• Doug Smith
    May 22, 2013 - 11:45

    Mr. Power, inept, incompetent, oblivious are terms we could apply to most politicians. As far as Peter Penashue being - possibly criminal, well one could possibly say that about Yvonne Jones. Therefore, the only difference between Mr. Penashue and Ms. Jones was the fact that he was a cabinet minister with a lot to offer and Ms. Jones had nothing to offer. Regarding your being “appalled” that 3,922 people voted for Mr. Penashue and the implication that they didn’t have the intellectual ability to know they were being conned, shows a contempt for people making a different choice than you would have made. Not an attractive characteristic Mr. Power and not a very democratic attitude either. In the interest of full disclosure I also have voted for all 3 parties. However, I must take exception to your lumping Mr. Mulroney in with the others on your list of “bums”. Mr. Mulroney is the reason this province is now a “have province”. I will forever be grateful to him and therefore will overlook his faults since they are small potatoes compared to what he did for Newfoundland. Mr. Power I am surprised you are so ungrateful. Doug Smith, GFW

  • Ed Power
    May 22, 2013 - 07:01

    Had the CPC offered a candidate in the Labrador byelection who wasn't inept, incompetent, oblivious - and possibly criminal - Mr. Smith, you might have a point. That the CPC would give their blessing to a candidate of such stunning ineptitude reeks of arrogance, and demonstrates the contempt that they have for the people of Labrador. Like Mr. Stamp, the first thing I thought of when Peter Mackay came campaigning was Smallwood and his hand-picked "man". Like Russell, I was appalled that 3,922 people in Labrador would choose to vote for someone so undeserving of their support. Call me naive, but I like to think that (most) people have the intellectual ability to know when they are being conned - which is why the Nigerian letter scam has such a poor success rate. In a perfect world Mr. Penashue would have gotten the number of votes he deserved - one. In the interest of full disclosure I will state that I have no party affiliation. I have voted for candidates from across the political spectrum in four provinces and happily voted "the bums" (Gerald Reagan, John Buchanan, Roger Grimes, Bob Rae, Brian Mulroney, Paul Martin, et al) out of office when they needed it. Next on the list - Stephen "I See Nothing, I Know Nothing" Harper and Kathy "Muskrat Love" Dunderdale.....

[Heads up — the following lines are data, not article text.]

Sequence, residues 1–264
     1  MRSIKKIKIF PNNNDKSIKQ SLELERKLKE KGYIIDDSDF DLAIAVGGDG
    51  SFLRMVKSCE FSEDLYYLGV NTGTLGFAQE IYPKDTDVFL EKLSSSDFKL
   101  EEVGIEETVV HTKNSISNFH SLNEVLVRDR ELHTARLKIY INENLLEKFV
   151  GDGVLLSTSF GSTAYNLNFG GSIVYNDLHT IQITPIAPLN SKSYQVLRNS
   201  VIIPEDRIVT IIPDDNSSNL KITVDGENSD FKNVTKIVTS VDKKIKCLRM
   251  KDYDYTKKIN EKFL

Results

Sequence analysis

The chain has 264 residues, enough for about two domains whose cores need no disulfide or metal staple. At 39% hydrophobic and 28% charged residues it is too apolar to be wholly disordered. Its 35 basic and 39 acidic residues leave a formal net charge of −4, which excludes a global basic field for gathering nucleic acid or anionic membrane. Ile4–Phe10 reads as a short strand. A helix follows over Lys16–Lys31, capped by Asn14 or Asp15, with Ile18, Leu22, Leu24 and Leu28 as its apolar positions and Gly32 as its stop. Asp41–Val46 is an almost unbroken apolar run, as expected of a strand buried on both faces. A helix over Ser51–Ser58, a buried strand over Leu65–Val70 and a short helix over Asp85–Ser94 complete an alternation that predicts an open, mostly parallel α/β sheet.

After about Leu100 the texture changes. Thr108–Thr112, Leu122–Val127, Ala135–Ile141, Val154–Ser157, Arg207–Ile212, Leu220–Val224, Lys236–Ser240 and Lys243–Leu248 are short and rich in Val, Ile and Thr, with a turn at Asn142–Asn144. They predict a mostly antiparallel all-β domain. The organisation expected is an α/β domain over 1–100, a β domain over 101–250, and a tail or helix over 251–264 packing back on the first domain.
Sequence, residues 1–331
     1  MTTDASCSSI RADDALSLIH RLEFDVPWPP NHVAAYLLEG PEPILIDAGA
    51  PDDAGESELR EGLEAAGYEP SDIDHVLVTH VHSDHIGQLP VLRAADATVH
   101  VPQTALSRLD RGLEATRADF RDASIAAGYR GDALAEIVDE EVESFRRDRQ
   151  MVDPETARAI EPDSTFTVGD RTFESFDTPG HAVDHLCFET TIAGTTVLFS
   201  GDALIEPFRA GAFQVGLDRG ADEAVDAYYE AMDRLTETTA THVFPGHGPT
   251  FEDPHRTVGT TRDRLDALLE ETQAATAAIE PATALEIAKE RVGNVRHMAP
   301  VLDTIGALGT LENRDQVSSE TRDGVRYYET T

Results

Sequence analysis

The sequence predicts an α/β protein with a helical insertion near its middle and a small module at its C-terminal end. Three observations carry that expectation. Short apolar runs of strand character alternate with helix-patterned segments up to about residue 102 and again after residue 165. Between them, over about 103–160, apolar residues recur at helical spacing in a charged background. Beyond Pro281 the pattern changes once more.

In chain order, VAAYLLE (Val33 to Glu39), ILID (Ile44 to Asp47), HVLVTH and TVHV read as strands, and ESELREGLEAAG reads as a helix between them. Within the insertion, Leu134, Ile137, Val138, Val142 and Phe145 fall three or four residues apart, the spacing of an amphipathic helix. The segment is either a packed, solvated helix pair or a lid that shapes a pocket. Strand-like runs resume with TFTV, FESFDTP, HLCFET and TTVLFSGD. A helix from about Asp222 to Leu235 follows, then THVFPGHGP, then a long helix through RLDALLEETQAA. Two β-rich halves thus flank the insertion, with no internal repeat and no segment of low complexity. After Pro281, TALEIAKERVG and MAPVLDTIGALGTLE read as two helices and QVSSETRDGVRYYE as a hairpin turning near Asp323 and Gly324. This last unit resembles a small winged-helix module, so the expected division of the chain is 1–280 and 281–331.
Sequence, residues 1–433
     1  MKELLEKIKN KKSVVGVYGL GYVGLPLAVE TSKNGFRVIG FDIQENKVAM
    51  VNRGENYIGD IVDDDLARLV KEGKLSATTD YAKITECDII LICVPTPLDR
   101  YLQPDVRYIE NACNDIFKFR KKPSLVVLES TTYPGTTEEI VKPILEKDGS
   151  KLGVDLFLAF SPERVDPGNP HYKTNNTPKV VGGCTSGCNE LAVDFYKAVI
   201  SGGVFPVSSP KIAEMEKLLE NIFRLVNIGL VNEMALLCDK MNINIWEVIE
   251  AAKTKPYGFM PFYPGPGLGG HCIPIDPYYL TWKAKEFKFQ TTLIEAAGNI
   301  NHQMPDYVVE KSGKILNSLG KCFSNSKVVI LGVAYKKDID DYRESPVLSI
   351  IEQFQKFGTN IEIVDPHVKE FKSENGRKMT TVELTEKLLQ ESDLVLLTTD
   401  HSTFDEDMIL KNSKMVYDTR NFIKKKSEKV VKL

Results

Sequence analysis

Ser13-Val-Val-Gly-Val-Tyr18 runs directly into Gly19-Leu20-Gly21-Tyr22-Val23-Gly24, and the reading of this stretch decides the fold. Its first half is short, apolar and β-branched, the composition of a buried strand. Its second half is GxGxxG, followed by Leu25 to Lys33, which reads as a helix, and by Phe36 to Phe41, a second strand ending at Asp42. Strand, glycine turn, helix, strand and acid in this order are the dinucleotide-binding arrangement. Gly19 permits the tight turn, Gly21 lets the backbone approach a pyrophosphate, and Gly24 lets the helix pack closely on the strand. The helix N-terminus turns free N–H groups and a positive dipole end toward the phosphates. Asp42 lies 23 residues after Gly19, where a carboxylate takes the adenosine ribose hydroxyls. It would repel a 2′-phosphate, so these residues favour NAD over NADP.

• Jay
    May 22, 2013 - 06:59

    Mr. Smith, Well said. I also found the article condescending towards Newfoundlanders and Labradorians. Maybe Russell should have been given the authority to appoint a new MP for Labrador. However, that's nothing new for Mr. Wangersky. He often comes across as thinking that he's the only person in this province who can think. He also breaks out his moral trumpet only against the Tories. He seemed to be in a virtual coma during the Tobin, Wells era, when the Auditor General was booted out of the House of Assembly and almost all MHAs, (mostly LIberal) went hog wild. Some might argue that only the stupid were charged. Russell, maybe if you spoke to some Labradorians you might hear that Penashue is seen to be every bit as ethical as Ms. Jones, though probably more naiive.